Béla’s Letters by Jeff Ingber is a work of historical fiction so closely tied to history that it reads more like a moving non-fiction account. Inspired by Ingber’s family history, the novel spans eight generations, beginning with Béla who endures the horrors of the Holocaust, and the terrible aftermath where survivors feel guilt, sorrow and immeasurable pain trying to put their lives back together. Woven through the novel are letters to Béla from his family, which serve as a tragic historical window of the period, as horrifying events unfold in real time.
The letters are the strongest component of Ingber’s work. Here is a sample from early in the book:
Berlin is a ballast of evil, papered with swastika flags that form the harsh edges of its beauty. They flutter like cancerous butterflies over the Unter den Linden. Hitler, dressed in a military uniform, attended every day, his hand raised as if blessing the crowd, adulated like he was Moses bringing the tablets from Mount Sinai…An acrid wind carries the smell of his savagery.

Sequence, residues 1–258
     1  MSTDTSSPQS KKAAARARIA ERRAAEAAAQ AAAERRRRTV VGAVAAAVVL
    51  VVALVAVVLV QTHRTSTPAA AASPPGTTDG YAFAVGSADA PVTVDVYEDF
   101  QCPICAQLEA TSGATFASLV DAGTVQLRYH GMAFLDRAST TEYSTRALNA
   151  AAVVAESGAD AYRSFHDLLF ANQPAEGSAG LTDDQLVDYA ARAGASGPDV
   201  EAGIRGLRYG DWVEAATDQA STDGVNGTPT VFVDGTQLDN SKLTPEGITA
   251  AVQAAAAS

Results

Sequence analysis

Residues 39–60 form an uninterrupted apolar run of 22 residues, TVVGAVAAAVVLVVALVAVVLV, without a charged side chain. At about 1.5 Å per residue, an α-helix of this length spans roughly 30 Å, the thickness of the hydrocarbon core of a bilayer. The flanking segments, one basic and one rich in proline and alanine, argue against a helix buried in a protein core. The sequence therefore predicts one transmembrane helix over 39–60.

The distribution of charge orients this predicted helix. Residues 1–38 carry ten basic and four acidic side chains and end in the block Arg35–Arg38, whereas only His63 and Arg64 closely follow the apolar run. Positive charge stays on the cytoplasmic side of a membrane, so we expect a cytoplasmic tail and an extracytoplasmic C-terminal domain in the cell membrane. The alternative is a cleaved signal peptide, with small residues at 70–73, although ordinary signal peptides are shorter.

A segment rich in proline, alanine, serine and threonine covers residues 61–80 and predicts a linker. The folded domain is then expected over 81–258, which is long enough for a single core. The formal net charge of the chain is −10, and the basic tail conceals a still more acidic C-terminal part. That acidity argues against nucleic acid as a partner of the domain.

The epistolary nature of Ingber’s novel makes the subject all the more powerful, as an historical work looks through the lens of the entire experience, whereas these letters unveil a perspective that isn’t fully aware of what’s ahead. A criticism of the book is a confusion about what makes the book historical fiction or a memoir of his family, as so much real-life detail has been put into the book. However, the fact that the book is based on real people gives the novel an extra level of emotion beyond what is a profound and deeply-affecting work.